When a body is exerting its will on a people that neither asked for it, wants it or voted for it then we have a borderline dictatorship.

    Dictators generally don’t “do” negotiation.

    Can you or anyone else point me towards the compelling argument FOR EU membership that has kept us on this obvious road to ruin for the last twenty years?

    Why, when it is quite obvious to most that we are being damaged as a country by our participation, are our leaders so reluctant to at least give us the chance to get out of it?

    EU Membership isn’t a side issue such as “gay marriages” – it is arguably the single largest threat to our country since WWII and I simply cannot believe that we, the people, are left impotent as it stomps its way to its communist wet-dream.

  20. margaret brandreth-j
    May 2, 2013

    I have noticed that many commentors do not think there is any chance of renegotiation. For them it is in or out and not initial compromise will do .Who really understands Merkel et al the most ?

  21. Acorn
    May 2, 2013

    For those seeking a mandate for independence in Scotland, it is worth a read of Prof Wray posting at New Economic Perspectives today about the Euro Zone:-

    “So, how’s that Euro thingy working out? Not so good. And it won’t get better. The problem was never one of profligate Mediterraneans with lax fiscal policy. No Euro nation should ever have run chronic deficits of any size; none should have run up any significant debt ratio. By design, these are not sovereign countries in the currency sense—they abandoned their own sovereign currencies years ago in favor of a foreign currency. And like any nation that gives up its sovereign currency, every one of them lost the ability to run chronic budget deficits.

    What is a bit surprising is that it lasted as long as it did. Part of the answer is that financial institutions run amuck were able to bubble up economies for quite a while—just as they did in the USA. Further, there was the “confidence” fairy—a belief by markets that if the you-know-what hits the fan, the ECB will violate its mandate and bail-out. Finally, there is the rather high probability that creditors were fools —unable to understand the difference between a sovereign currency issuer and a government that uses a foreign currency.”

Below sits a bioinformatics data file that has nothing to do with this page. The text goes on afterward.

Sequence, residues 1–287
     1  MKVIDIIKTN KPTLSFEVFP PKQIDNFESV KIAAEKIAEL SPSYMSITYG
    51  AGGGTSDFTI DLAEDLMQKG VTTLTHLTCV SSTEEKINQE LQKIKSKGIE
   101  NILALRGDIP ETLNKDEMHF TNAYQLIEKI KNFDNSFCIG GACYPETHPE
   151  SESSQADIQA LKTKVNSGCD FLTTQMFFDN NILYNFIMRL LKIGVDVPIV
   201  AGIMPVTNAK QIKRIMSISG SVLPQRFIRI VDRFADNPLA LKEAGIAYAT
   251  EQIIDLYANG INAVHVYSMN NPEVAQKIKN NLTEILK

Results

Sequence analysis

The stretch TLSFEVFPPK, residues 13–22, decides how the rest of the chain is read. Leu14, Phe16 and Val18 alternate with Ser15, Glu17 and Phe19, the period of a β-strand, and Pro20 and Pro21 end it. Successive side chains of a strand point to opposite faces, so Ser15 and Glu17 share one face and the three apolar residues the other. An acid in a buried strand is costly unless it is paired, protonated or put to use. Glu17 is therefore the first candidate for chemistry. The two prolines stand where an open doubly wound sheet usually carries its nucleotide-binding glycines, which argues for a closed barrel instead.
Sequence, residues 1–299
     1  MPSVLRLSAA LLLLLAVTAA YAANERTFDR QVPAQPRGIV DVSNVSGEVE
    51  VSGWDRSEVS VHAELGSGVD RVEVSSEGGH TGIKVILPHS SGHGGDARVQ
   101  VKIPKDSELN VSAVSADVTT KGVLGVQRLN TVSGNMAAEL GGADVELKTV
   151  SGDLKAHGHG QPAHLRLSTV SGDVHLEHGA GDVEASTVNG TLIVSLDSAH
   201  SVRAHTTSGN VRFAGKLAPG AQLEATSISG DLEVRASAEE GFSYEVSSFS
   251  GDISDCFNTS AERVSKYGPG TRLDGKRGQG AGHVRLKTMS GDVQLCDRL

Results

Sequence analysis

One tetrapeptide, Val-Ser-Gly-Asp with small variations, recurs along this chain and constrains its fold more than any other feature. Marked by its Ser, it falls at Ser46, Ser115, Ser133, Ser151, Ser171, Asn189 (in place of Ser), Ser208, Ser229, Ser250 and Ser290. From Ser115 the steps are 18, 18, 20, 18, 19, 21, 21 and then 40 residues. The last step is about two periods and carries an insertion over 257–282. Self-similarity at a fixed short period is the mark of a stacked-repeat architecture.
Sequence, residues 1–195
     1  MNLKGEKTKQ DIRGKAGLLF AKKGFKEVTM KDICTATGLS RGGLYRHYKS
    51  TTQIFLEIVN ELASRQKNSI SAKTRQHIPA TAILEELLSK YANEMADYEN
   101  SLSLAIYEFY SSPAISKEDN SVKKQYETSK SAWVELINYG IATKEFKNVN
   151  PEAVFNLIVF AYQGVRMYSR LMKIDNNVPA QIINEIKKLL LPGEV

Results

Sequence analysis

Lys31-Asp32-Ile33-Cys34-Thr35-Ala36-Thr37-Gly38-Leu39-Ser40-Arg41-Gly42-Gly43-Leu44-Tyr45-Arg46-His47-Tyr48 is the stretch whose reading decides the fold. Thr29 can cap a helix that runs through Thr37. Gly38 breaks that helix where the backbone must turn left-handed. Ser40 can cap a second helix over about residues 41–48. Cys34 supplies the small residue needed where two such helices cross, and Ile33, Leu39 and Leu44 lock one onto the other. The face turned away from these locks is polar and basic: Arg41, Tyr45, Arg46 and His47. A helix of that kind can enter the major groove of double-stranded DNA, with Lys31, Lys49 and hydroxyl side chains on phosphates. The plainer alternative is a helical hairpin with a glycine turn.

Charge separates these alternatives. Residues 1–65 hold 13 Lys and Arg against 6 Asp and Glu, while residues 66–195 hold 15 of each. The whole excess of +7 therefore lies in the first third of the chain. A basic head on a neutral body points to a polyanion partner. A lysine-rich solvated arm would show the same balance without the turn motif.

22. grassmarket
    May 2, 2013

    Why do you need permission to do your job? It’s like a football manager getting the fans to pick the team on the Internet.

    Reply The purpose is to show the rest of the EU that they are dealing with the British people, not just with one political party.

  23. Electro-Kevin
    May 2, 2013

    The UKIP manifesto seems remarkably similar to the one that the Tories SHOULD have.

    So why would any true Conservative politician need to ‘respond’ to it ? Are you sure you’re in the right party ?

    1. Electro-Kevin
      May 2, 2013

      Today was the first time I’ve ever voted other than Conservative.

      “But a vote for UKIP is a vote for Labour.”

      How else am I to register my inclinations ?

      “Labour will ruin us.”

      Better a catastrophic ending than the never ending catastrophe that the Conservatives offer us. They really are part of the problem and not the solution.

      1. David Price
        May 3, 2013

        How else to register inclination? For a few years I was a member of the CP, I stopped being one after the Camerons stupidity with the Libdems and u-turns.

        But I won’t join or vote UKIP as I don’t like some of their policies, particularly on pensions and taxes. I certainly won’t vote for a party whose intention is “Better a catastrophic ending than the never ending catastrophe that the Conservatives offer us. ”

        This is the attitude that concerns me most about UKIP, particularly where some vocal supporters who press it but have clearly done a bunk from the UK and probably won’t be affected by such an outcome.

        It suggests to me that certain factions in UKIP clearly don’t have the UK’s best interests at heart and I don’t really know what they have achieved for us as MEPs anyway.

  24. Roy Grainger
    May 2, 2013

    I can’t see any point at all in you pushing for a mandate referendum other than to cover your own positioning as a detached member of the Conservatives who supports all UKIPs policies. The LibDems wouldn’t support it, neither would the Ken Clarke faction, neither would Cameron and (by extension) any cabinet minister – your assertion that you could win a vote on it defies all logic. I also don’t believe the public would support it, it would just be regarded as a costly exercise in playing politics with no real choice being presented – an In/Out referendum is the only option which would be supported.